[R] Whiskers on the default boxplot {graphics}
Jason Rupert
jasonkrupert at yahoo.com
Wed May 12 04:26:25 CEST 2010
Wowzers...
From ?boxplot.stats:
Details
The two ‘hinges’ are versions of the first and third quartile, i.e., close to quantile(x, c(1,3)/4). The hinges equal the quartiles for odd n (where n <- length(x)) and differ for even n. Whereas the quartiles only equal observations for n %% 4 == 1 (n = 1 mod 4), the hinges do so additionally for n %% 4 == 2 (n = 2 mod 4), and are in the middle of two observations otherwise.
The notches (if requested) extend to +/-1.58 IQR/sqrt(n). This seems to be based on the same calculations as the formula with 1.57 in Chambers et al. (1983, p. 62), given in McGill et al. (1978, p. 16). They are based on asymptotic normality of the median and roughly equal sample sizes for the two medians being compared, and are said to be rather insensitive to the underlying distributions of the samples. The idea appears to be to give roughly a 95% confidence interval for the difference in two medians.
Is a notch equal to the upper/lower whisker? Is this just a difference of terminology or something?
Thanks again for all the insights.
----- Original Message ----
From: David Winsemius <dwinsemius at comcast.net>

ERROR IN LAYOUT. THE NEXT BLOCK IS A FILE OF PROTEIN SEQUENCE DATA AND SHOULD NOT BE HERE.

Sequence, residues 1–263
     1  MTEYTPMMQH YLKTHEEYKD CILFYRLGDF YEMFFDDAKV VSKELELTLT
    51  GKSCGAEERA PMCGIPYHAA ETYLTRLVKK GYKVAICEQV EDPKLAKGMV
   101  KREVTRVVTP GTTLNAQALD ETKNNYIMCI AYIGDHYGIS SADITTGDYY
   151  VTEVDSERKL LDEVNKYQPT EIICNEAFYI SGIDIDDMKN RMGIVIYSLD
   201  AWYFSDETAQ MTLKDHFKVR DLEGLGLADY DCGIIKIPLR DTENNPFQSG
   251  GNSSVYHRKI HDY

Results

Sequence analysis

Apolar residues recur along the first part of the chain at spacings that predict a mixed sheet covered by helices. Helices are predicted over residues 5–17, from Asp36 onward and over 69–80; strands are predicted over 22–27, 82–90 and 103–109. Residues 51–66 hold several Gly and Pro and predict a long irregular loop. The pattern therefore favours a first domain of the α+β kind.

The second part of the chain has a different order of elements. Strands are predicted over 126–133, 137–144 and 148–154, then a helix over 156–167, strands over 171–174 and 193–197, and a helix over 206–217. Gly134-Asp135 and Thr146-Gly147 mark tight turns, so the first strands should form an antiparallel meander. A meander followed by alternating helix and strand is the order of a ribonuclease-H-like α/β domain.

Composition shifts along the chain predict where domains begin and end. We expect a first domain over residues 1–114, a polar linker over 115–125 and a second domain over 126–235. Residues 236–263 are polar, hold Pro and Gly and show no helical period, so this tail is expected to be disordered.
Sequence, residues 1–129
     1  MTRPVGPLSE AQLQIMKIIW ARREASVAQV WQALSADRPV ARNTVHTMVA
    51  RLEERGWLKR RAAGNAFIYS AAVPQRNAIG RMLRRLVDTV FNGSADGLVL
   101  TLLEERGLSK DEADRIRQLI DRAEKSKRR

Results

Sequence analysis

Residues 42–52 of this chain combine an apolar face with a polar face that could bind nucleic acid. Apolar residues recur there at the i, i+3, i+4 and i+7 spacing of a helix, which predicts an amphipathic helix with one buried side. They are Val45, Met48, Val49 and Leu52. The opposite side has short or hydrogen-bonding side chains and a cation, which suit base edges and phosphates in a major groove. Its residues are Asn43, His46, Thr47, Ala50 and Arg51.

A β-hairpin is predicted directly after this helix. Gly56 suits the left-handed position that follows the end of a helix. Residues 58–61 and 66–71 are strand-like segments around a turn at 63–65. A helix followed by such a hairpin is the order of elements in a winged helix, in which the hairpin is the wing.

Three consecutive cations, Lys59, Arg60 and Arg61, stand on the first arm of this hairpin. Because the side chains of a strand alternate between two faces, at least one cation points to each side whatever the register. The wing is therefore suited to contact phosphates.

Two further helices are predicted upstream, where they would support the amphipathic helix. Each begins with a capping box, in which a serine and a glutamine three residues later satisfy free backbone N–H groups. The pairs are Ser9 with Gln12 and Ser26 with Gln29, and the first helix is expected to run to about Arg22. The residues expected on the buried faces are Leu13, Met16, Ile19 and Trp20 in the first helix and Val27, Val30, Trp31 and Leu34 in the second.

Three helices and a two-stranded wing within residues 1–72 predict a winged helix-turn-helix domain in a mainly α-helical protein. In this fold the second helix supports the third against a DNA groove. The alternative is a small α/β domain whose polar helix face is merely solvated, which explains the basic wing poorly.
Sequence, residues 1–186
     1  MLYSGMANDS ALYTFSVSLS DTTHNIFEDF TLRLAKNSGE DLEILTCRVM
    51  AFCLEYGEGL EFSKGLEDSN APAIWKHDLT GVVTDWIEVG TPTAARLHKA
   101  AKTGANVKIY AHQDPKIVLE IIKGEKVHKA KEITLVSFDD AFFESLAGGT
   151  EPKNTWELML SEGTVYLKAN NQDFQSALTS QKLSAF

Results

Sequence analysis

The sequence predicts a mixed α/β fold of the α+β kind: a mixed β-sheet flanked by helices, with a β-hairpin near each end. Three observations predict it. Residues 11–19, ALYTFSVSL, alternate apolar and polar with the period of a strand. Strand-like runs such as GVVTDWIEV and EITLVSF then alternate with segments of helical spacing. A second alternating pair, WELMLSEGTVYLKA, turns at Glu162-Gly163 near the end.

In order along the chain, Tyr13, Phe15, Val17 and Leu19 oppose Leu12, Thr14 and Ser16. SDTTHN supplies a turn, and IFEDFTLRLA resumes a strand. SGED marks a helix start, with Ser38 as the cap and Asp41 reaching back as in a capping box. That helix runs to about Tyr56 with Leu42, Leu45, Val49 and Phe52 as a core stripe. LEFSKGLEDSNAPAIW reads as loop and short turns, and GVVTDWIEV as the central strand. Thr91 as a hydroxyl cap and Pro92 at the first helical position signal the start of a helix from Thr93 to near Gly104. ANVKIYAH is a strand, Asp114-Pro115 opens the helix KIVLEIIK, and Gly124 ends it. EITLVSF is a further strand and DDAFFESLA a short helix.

To: Jason Rupert <jasonkrupert at yahoo.com>
Cc: R Project Help <R-help at r-project.org>
Sent: Tue, May 11, 2010 9:00:15 PM
Subject: Re: [R] Whiskers on the default boxplot {graphics}
On May 11, 2010, at 9:45 PM, Jason Rupert wrote:
> How are the lower/upper whiskers defined in the default version of boxplot {graphics}?
>
> I tried help(boxplot) and searching www.rseek.org, but I was unable to determine an absolute answer.
You need to follow the links from the help pages and tin this case it appears that you did not follow the one to
?boxplot.stats
>
> I checked out the definition of boxplot according to Wikipedia (http://en.wikipedia.org/wiki/Box_plot), but it also had several approaches
> listed for how the whiskers could be determined, so I'm just curious how the default
> boxplot {graphics} does it.
>
> Thanks for any feedback
Follow links with the R help system.
> and insights.
David Winsemius, MD
West Hartford, CT
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